Logansport Pharos-Tribune from Logansport, Indiana on May 23, 1894 · Page 6
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Logansport Pharos-Tribune from Logansport, Indiana · Page 6

Logansport, Indiana
Issue Date:
Wednesday, May 23, 1894
Page 6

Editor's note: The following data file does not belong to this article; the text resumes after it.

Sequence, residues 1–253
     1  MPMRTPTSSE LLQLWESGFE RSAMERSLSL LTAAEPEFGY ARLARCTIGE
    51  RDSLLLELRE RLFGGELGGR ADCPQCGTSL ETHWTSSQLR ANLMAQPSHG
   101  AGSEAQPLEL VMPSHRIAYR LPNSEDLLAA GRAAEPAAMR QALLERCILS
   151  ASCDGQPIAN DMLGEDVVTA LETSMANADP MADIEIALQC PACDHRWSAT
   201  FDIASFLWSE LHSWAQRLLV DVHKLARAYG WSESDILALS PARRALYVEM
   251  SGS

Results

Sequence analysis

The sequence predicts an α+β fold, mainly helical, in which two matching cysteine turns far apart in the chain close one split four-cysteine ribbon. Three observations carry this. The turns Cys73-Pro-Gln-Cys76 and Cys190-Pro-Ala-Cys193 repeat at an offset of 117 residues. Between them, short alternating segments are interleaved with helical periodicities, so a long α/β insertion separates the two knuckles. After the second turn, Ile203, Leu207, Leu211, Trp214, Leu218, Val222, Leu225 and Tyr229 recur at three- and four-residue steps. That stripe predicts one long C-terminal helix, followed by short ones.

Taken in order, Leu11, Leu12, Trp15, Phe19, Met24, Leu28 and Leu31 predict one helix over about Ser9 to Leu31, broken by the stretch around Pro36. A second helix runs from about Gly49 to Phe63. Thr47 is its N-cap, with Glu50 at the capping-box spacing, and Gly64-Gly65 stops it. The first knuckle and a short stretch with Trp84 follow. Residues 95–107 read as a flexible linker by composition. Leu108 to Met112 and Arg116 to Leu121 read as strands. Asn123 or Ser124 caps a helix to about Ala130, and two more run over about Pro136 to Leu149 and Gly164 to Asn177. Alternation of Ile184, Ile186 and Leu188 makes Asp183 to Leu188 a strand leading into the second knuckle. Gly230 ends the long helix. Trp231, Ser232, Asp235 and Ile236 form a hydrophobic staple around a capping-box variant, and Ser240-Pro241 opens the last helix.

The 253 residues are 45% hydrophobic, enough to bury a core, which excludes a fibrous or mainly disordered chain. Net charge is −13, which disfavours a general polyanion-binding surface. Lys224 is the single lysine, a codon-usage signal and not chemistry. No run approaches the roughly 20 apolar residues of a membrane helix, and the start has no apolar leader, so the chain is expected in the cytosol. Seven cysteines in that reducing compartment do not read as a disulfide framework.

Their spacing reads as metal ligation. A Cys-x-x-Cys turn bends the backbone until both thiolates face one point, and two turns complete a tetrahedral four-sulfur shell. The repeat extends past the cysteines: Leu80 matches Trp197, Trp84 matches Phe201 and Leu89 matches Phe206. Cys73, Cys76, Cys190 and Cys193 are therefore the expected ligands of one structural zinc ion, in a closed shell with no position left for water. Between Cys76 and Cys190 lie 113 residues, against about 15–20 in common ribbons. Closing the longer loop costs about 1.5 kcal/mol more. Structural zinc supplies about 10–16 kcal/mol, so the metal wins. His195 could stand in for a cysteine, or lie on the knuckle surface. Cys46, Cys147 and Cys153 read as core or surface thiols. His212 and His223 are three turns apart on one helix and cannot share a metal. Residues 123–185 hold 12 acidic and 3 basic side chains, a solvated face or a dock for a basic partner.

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CVK, ZOA-PHORA, '"DISEASES 07 WOMEN AND CHILDREN," •f <K2l< uionh dollan, lent tenlltl far IOC. Seeorei to QI It L* » pftinlou, perttel development and thui preventt life-long wcaknew. Stutalns and loothcs Overworked Women, Exhausted Motliew, mil prevents prolapiuj. Cares Palpitation, Sleeplessness, nervous breaking down (often preventing insanity), providing a tafe Change of Life, ami a bale and imppy old uge. Reader. suToring from any complaint -peculiar to the female sex, ZOA-PHOHA is worth everything to you. letters for advice, marked "Consulting DeiiartmeDt," are i by onr physicians only. ZOA-PHOEA CO., H. G. COL1IAN, Sec'y, Kalamazoo, Mich. GIVES RELIEF IMMEDIATELY—jf j s g Q ure f 0 p all Diseases of the Heart, Kidneys, Liver and Blood. It has no rival and is found in every home, For sale bv W. 11. 1'OltTKi IF IN NEED your Letter Heads, Bill Heads, Statements, Envelopes and -everything vyou need in the printing iine at the JOURNAL OFFICE MISSED IT AGAIN. II* 9t«jr Wouldn't Toooll the 0e»rt and Hence He Fulled. Ira the waiting rooms of tho dfipot a K&t looking 1 over a railway folder ••which he had taken from tho rack. 3(c had just discovered that the Kansas • <City limited left Chicago at six o'clock , tfr. ea, daily, when a young 1 man, who . Asui been looking him over for several : ^minutes, sat down beside him and said: "What I have to say can be con' ^derated into a quarter of a column of v Tjttatter set in brevier leaded. At an ' "iariyuge I was left an orphan. I have '<Ui8 fZQVt dato with mo somewhere, but yam won't'-be as particular as that Be: 'Ing sabjected to indignities which no fKtnd and ambitious orphan could put mp with, I set out alone in this cold ' ''world—with a groat deal of emphasis , uw the cold." The man with the folder looked up : U» » dreamy way and then ran his -JlB|fer«.down till ho found tho limited . weaohed lUoomington at 9:45 the same •wening. By strict integrity, undaunted ambl- , *tlott »nd a perseverance .which nothing . wjould discourage, I made a place for myself. There was a time when I was <-','«M> top of the heap. I bossed the job— 71 ran .the machine—I cut the cloth. ' jSJocsn'i seem to you that I was a high *»JJ«r Beven years ago, does it?" Tbi) man with tho folder didn't say. • Hie was busy finding out tho hour of ar:; »»wil *t Bine Springs. • '"l?nt human IHe is a kaleidoscope," itiuuod the "reduced." "Human •flSwidom cannot always provide for tho which occur. I was the proud happy owner of a large and ele- reservoir holding six million gal- water. She busted. A mighty rushed through the village and fifty houses. Loss counted *f^ <A8iie -of thousands—no insurance. "Wai; 1 is 'blame? Have I enlisted your state tho exact sum necessary to relieve my temporary financial embarrassment." Tho man with the folder folded it up and placed it in his pocket for future reference, picked up his^rip, a&d after looking all around to see if he hadn't loft something, ho started for his train. The "reduced" stood up and watched him out of sight, hoping against hopo. When he saw that all waa lost ho turned to tho door in a weary way and said: "Missed it again and lost just so much more breath! It won't do—it doesn't touch their hearts! I must throw honor and truth aside and fabri- somo story which will arouse sympathy and produce the sugar!"—Detroit Free Presa. WHAT IS EGYPT? The Lund of the Pyramid* •» She Appears to the Obnarver. What is Egypt? Is it a great farm? an unrivaled archajological museum? a delightful health resort? a valuable naval stronghold and place of arms? an important center of Mediterranean trade? In truth it is each of these things and all together, even to the most casual and cursory glance of tho most irresponsible and indolent holiday maker. But what it is not to him—and heroin he takes courage from the thought that neither is it to those ninety-nine out of every hundred Europeans who have longest and most carefully studied it, Mr. Wilfrid Blunt being the hundredth—the homo of a nation. If there is one fact that seems to •tare him out of countenance whichever way he turns—one fact with which the present and tho past alike confront him; which meet* him in the tomb and the templo, in tho river meadow and bazar; which looks at him out of the eyes of pictured Pharaohs, and of almost as mute and monumental fellaheen; which takes voice and motion in the many-colored, chattering « crowd of Cairo, and which is almost W4U 4V1UQ1 l/\J|t«.l* V\J »\sun. AW» »••»*!«** w- i Louis limited and marked it I audible in tho very silence of the desert ' Itself—It is that Egypt is a land with- Jt didn't look as if ho had, -"or the ' «na» with the folder began to look for : T i0ie St. Louis limited and marke i -with a pencil as leaving at 11 a. m. I Itself—It is tl ^iaijy. I out a people, --' - •• - - It has an aboriginal race of cultivators, as much a part of the soil as it* palm trees, it has an infinitely mixed community of settlers, the deposit of successive conquests, permanent in the sense in which tho desert sands are permanent, hut no more to be built upon than they. From time immemorial, the beautiful country has been tho •poll of every ravisher who was strong enough to seize and hold her—Ethiopian, Assyrian, Persian, Macedonian, Roman, Arab, Every rising or risen power upon her borders, European, African or Asiatic, has in turn possessed her, and, as its strength declined, has in turn been forced to yield her up to a stronger hand. To the chief states of "I was, further, tho proud possessor ( « one hundred thousand dollar ;,,-^!aot«.tion on the Mississippi river. ak two steamboats to carry my corn •d -cotton. Did I dream that my I head would be humbled? Did I re tho slightest warning that the f river would cut a new channel in t niirht and scoop In my seventeen 1 acre*? Are you feeling for a he wasn't. He was looking to lie if he couldn't make Kansas City torn St. Louis as well at Chicago. . ".And added to these calamities I may on » conflagration—defective flue •fe~-*a in«nraneo—failure of crops—bank ares—perfidy of friends and other Bit"—which have made ma tempera- r hard up. It hurts me, of course to • bare my heart to a stranger, bat I I that I must do it A small loan at I time will enable mo to meet some re my almost ruined credit 1 inqlM me to now hopes and ambl- I am quite willing to leave the Ho your own generosity. In- M *Mld %• turtwoosBlng In m* to the world she has been all that her famous queen was to successive matter* or competitors for the mastery of Borne, —"When the assistant fell up the chancel stain thia morning he reminded me of the father of the prodigal .on." THE GOSSIP OF GOTHAM. Why Mrs. Grover Cleveland's Life Is Now a Wretobed One. Youn* Antor *• ma Architect — Coming Gathering of H Fnwoan Family »nd > B*vlT»l of rroiperlty—ltlch»rd Croker'* AnoentoM. [COPYRIGHT, 181M.1 Unless current report, indorsed by the strongest corroborative evidence, is misleading- a few nationally famous New York er s, M r s. Grover C1 e v eland is to-day the most unhappy woman to bo found in all this republic. This state of things is clue to the fact that she is the num. mother of a little girl whose rcuson IK a blank. Baby Ruth, the pride of so many households, suffers from one of babyhood's weirdest maladies. Her brain will not develop. At this moment the ifamous infant is beinp; reared in what may be termed practical seclusion, as all visitors to Washington who have tried to seo the child know but too well. It is the reason for this reluctance oti the part of the parents to have the child seen und spoken to whioh has been obscure to many. , Very naturally the very existence of younp Ruth's affliction lias given riso to endless speculation and exaggeration on the part of the few who have been permitted to learn the truth. And, of course, it is through the servants that the most important particulars have leaked out, notwithstanding the really frantic efforts at concealment made by one famed phjfsician iu New York. Some of the rumors, for instance that the child cannot prattle at all and is in constant pain, are doubtless rather reckless. The substantiated fact is that since it finally dawned upon the family that an extraordinary backward mind was the trouble, undue pains have been taken to stimulate little Ruth's intellect, and all to no apparent purpose. Mrs. Cleveland has interested herself in numberless devices for the training of her babe, and spent hours in endeavoring to teach it to articulate. All these curatives havo been effectively concealed by the representation that Mrs. Cleveland is a kindergarten enthusiast, when in reality she is acting under her physician's instructions in trying to develop reason in her child. But her efforts steem to bo 80 discouraging that heroic measures may have (b be resorted to. could not.fail to bo important developments in the entire railroad world. Still, business may have no connection with the affair, and it may be simply a sentimental reunion. Those who follow such matters ore interested in the silent Vanderbilt contest for supremacy in the family. Some of the Van- derbilts are not pleased because Cornelius affects to be the head of the clan. The trouble is not unlike that which the Astors had, but it has not been so aired, because the Vanderbllts have been too. recently a social power. Yet there is real disagreement among them as to which must be deemed the family head. Cornelius would appear to lead in the contest. ArUtocracy »nd n Bosi. Richard Croker said recently in the presence of a number of Tammany men that what the reform era have failed to do may be accomplished by the present contest as to whether he has or has not an aristocratic Irish origin. Mr. Croker has, in fact, been much marked. Wages on the farms are quite high, and the storekeepers have lots of money. There is less asking of time on running accounts and the merchants who frequent the wholesale houses report spring trade unusually active So that, whatever the cause may be, New York seems likely to have one of the mof>t prosperous summers it has seen in some years. DAVID WECHSLEB. H 5ME~MlLL WERY. What a ^ seems to think that it will injure him. At all events, he has said that ho hopes no friend of his will argue that he is an aristocrat by birth, for ho does not care about it. and fears that it will make him ridiculous. An amusing outcome of the talk was the action of tho journeymen blacksmiths of Now York (an action which has not yet been noticed) in resolving that if Mr. Croker's father was a blacksmith he need not be ashamed of it, since some of the greatest men have worked at the forge. Croker's father, declared one member, may have been a blacksmith instead of a veterinary surgeon, and, if so. all the better. Finally, it was decided to appoint a committee to find out what the elder Croker really was, and should it transpire that ho really toiled at a forge, his picture will adorn a forthcoming trade souvenir. It looks now as if it will injure Croker politically to deny that his father was a smith. However, Mr. Croker has not denied it. Patience on » IHantttlplpoe. Tho literary fame recently acquired by John Jacob Astor is not his only claim to consideration, apart from his wealth. He is an author- 1 ty on house decoration, and his ideas with reference to mantels are especially noteworthy. During his absence in Europe, which is to be of sevoral weeks'duration, A FAVORITE MANTEL. there will bo constructed after his own designs quite tho most elaborate mantelpiece ever put into a New York house. It is not a costly affair, but is certainly beautiful, and will include, of course, an old-fashioned fireplace wherein logs will burn. This fad of mantelpieces is a ntw one with Mr, Astor, but those who have seen the interiors of the houses wherein he dwells deem him an artist in that line. He has designed no less than a dozen in his lifetime, all quite different and all eon«ededly tasteful and original. One is exquisitely tiled after Ills own designs and another has. a unique arrangement of mirrors, while still another bears carved heads on oaken posts. • In the house which is intended for his mother, and which has caused some little disturbance, owing to the location of a stable, Mr. Astor has taken pains to havo the various mantels superbly designed. Indeed, the young millionaire has had the whole burden of this new dwelling upon his shoulders, and it will be new to many to learn that he was himself anxious to avoid the putting of the stable in an obnoxious position. Its precise location has beon changed three times in response to aa many requests. A Family Qatherlng of Plutocrat*. One of the most important family gatherings that New Yorkers have had a chance to witness in a long time will occur this summer at Newport, when all the Vander- bllts are to assemble in reunion. Every member of this Croesus stock is to meet, and VANDEBBILT ON TOP. Cornelius Vanderbilt will cross the water from England for the occasion^ What it is all about no qno seems to know beyond the assertion that it is a family gathering. Of course, the wealth represented will be enormous, and it has been whispered that, this very wealth has rendered the gathering essential because it is, after all, in one lump, so far as railroad properties are concerned. Should ther» b« r»ally some- A Difficulty About Third C»ndl<1at«. It begins to look as though there would be a split over the third candidate for New- York's mayoralty, about which so much has been said recently. There can be no doubt that despite all that Dr. Park'- hurst has said about united opposition to Tammany, an immense vote,relatively, will be given to the labor man. The third candidacy THE WOMAN SUFFRAGE movement h as QUESTION. gone so far that the Knights of Labor, the Federation of Labor, the Central Labor union and two other bodies have united with tho intention of running a well known man for mayor this fall. But the followers of Henry George and the prohibitionists have refused to enter tho movement on tho basis proposed, and tho hopes of many thirders, as they are dubbed, seem to bo dying out. Dr. Parkhurgt docs not conceal his regret at tho apparently unavoidable appearance of a formidable third candidate. It is charged that the Tammany men are secretly encouraging this movement in order to divide the opposition, but that is a strong assertion. The only persons to be benefited by a serious third movement would be the republicans. It ha's escaped notice, in this connection, that the most energetic workers for woman suffrage have been the laborites. Saiifeel Gompert, head of the Federation of Labor, has had one of the petitions circulated among the local unions in New York, and very few workingmon have not signed. For this he has received the graceful thanks of Jeannetto L. Gilder and Mrs. Russell Sage. Good Tlin«« Returning. Most New Yorkers are nappy In the fact of a distinct revival of business in the metropolis. This is positive" ly uniquo at this time of year, and is attributed to the forced activity necessary alter the continued depression. Money has never been so plentiful on the eve of summer. The re: tail stores are crowded with persons who make purchases and the theaters Warning Guide Pouts for tlia Woman Who Trliui Her Own HaM, Lives there a woman with soul so dead that she has never tried, at least once, to be her own milliner? I don't believe it. The fascination of pretty "left-overs" in lace and ribbon and straw braid is too great, tho creative instinct too strong. There has been a peck of nonsense written about "tho home-made hat," one writer in a fashion department, professedly conducted for women o£ moderate means, solemnly assuring her readers that "no lady should think of wearing an evening 1 bonnet that was not milliner-made, and if possible, it should be imported!" The "if possible" is delicious, especially in these times, and the fact remains that an undreamed-of proportion of tho headwear that makes gay the spring promenade, this year or any other year, is of home manufacture. The woman who can spare the money makes a paying investment if she takes a brief course in the elements of millinery—tho tying of bows, covering of fram.es, etc.—such as various establishments in the city offer for a few dollars. If she cannot, let her use her wits—and tissue paper, for many a handsome piece of silk or ribbon is wrecked in the tyro's hand because tho first experiment was made on it instuad of the paper or cambric with which tho professional milliner always starts tho learner. While the ability to make a beautiful bow comes only by inspiration, any of Eve's daughters who is not hopelessly "handless," as tho old-fashioned folks say, can learn to make a fairly good one, which is all that most milliners achieve. Either ignorance or short-sighted economy is responsible for tho custom among home milliners of using anything and everything 1 save the right thing for stiffening those bows. Result—a collapsed trimming, bite of whalebone or cardboard strips sticking out, skeleton-like, in every direction, and deserved mortification for the luckless bonnet's maker. Regular bonnet wire comes at two or three cents a yard, and sewed on decently and in order, under .the loops, insures the wearer that peace of mind which some one (a man, I'll be bound) has told us even religion is powerless to afford. Wide bows made of piece velvet (not velvet ribbon) are best lined with crinoline. If this is done neatly tho lining will not show and holds up tho heavy material far more effectively than wire. The delusive idea that a small hat is the easiest thing to begin on has wrecked the career of many a home milliner. On tho contrary, nothing is more difficult to make neat and stylish than the tiny toque which looks so simple in its construction—a few flowers, a bow, a buckle, or a wisp of straw braid, and genius, for without it, or its equivalent experience, the toque is tho forlornest of failures. The largo I/at, whoso beauty lies in effect rather than detail, and where originality (i e., accident) in trimming is better bestowed, is by far the safest for tho woman who is not quits sure of her.su If. A wnr.v,tti whose hats are the envy of her frit-mis and the product of her own fair !iiv;'i;rs. lausfhinyly declares herself to 1:avo mastered tivo sciences— that of evolving something out of nothing and that of making things last forever. "Tho way people uutriin hats, discard the 'iisia^s' and then buy nsw ones, appals my thrifty soul" sho says. I have never thrown away anything, but k<??;i all my oJds and ends in a bi;v baud-box and inside of seven years find use for thorn, A ribbon which is too limp or faded for othe purposes does very well under lace o net; feathers whioh seem hopeless can bo curled over and over with a bhm pen-knife, and with a ton-cent aigrette made into a very good pompon; a toucl of gilt paint can entirely transform tarnished cords and buckles aud fadei quills. As for the straw itself, sponge it over first with water alone to take off the dust, then with water and gum arable, whicli restores its stiffness; when the crown begins to break and get hopelessly out of shape, I cut it out, fish out a piece of velvei or silk from my band-box and make i1 into a Tarn O'Shanter crown, sew it to the straw brim, and presto! a second- best hat for one of the children."— Boston Globe. MO^EY ONCE AOAJNf. also have larger audiences, while all enterprises experience a resumption of activity which old New Yorkers declare unique for this time of year. The state of things is attributed, to the surplus of money seeking investment, which must have an outlet somewhere. For a long time the banks scrutinized securities so severely that loans ware practically not taken up at .all, but now any man with average credit finds his bank ready to accommodate him. Some of the'mow conservative fear a false prosperity which may ptovs misleading, but the community generally is deoidedly hop»fuL In th« «m»U towns around If e w York ANIMAL EXTRACTS. PRtPARXD ACCORDING TO TUX FORMULAS OF DR. WILLIAM A. HAMMOND, JLUD DKDKR HIS 8UPBBY1SION. TE3TINE. laexUaiutlveatatesot the nervous system, resulting from exeegslve mental work; emotional excitement or other causes capable of louienlig the force anj endurance of the several organs of the bodr;deprenlon of spirits, melancholia, and certain types of uuanlty, in cases «f imucnlar weakness, or ot general debility; neurasthenia, And all irrUsble states ot the brain, ipln cord or ner- TOUJ si»t»m generally; In nerrooj and congostlre headache; ID neuralgia and ID nervous djipepsls; In weak Mate* o( the geaenHreirttem—In all or tbe shore named conditions. Xestlne will be found of the (MSlest senrtoe. Dow, Pin Dropi. Prlc* (I OnckM*), St.tO. Wnm load drogdits ace not susplled with the Hammond AnlmaTExtrsoU. (hep will be milled, together wttft »I1 existing UtSMtuN on the sab. jeot, oa Meriptot price, br • . in o»Msm ,onn$u. 0001x1, Struck by the surpassing fairness of some quickly vanishing Beauty, how many hundreds of times you, my eister, have made the above re* mark to your friend as you passed along the street ; but did you once stop and ponder how that complexion which you so greatly admired was acquired, and how a similar one might be secured for yourself ? A lovely complexion can only be obtained by the use of that incomparable preparation for beautifying and preserving the skin — Empress Josephine Face Bleach. It removes wrinkles and sallow- ness and imparts to old and faded complexions the tint of the Blush Rose. It cures Freckles, Pimples, Tan, Sunburn, Eczema, Acne, and all other diseases of the skin. At oU druggists ... Vor s lie by J >lm K Coulcon. SOI ltirk«t St:B K Knasllni, 305 Kuunh Si; W U Pjrter, 323 M.IT- ketSt; Kwilono Dra( Store 52B Broalway. •JAPANESE* ~ A SOT nL'i f.irapV.o K-jUProsiTOKlKS, CiipfUlwi «f Ointment end IJnsftg of OlniitJi'ui:. A uovor-l'aillag Cur*j for Pile* uf ('Vf-ry nature 1:3.! Vr-'-c, ItcuuK** nn operation -.vJ:h tlif' J:ulf*! or Juice-Jon* of carJx>lir tcid, which uro i-jiinful niif' FGlduin « pcniiaueiit euro, and often r«;:'ui;rjff i?i (-c-r.ih, uu!i<-cot;sflr.v. Why «i.du*« thia i&'riblo dj»dn»«? W* iruarante* O boxea to euro any cam*. You only pay for b"nef(isroc<,'iv<M:. H abox. Gfttr$5. Sent by us&U. issued bv our agents. . Iho treat LIVER ond STOM AClf KEGULATOR nod liLOOD PUUIFIEH. Small, wii.i nnd pleauot to take, expeoiullr adapted tor childrea'i nw. CODowt 2& cents. GUARANTEES toned only by V. H. POBTE3, Druggist, 3118 Market St., Lo -tuuport, lad. LADIES KHOW ON. FELIX LC BRUN'S STEEL m PEOTBYE PIUS stotlio original and only FBENCH,safe«ndr». liable care on the market. Price (LOO; sent bj wniL Oonuino sold only by W.I?. PORTSa, Drusartt, SM Market St., Lo gnnsport, Ind. ELY'S ;REAM BALMI Is Quickly Absorbed. Cleanses the Vasal Passages Ulays Pain and inflammation teals the Sort Protects the Membrane from Additional cold, Restores the tenses ofTas andjsrnell. FT WILL CURE. 4 DurfHe !• applied Into ->< 1TCHIN6 P21H IWAYNFI-V OINTMENT JOSEPH eSLLOTTS STEEL PENS No*. 303-404-170-«04, Ann athtt stylti ta nit til tamto. THE HOST 2EBTECT OF PENS, WHITE, FLESII «r BBCHETTB A. POZZONI CO. St. LOUIS. FOR MEN ONLY]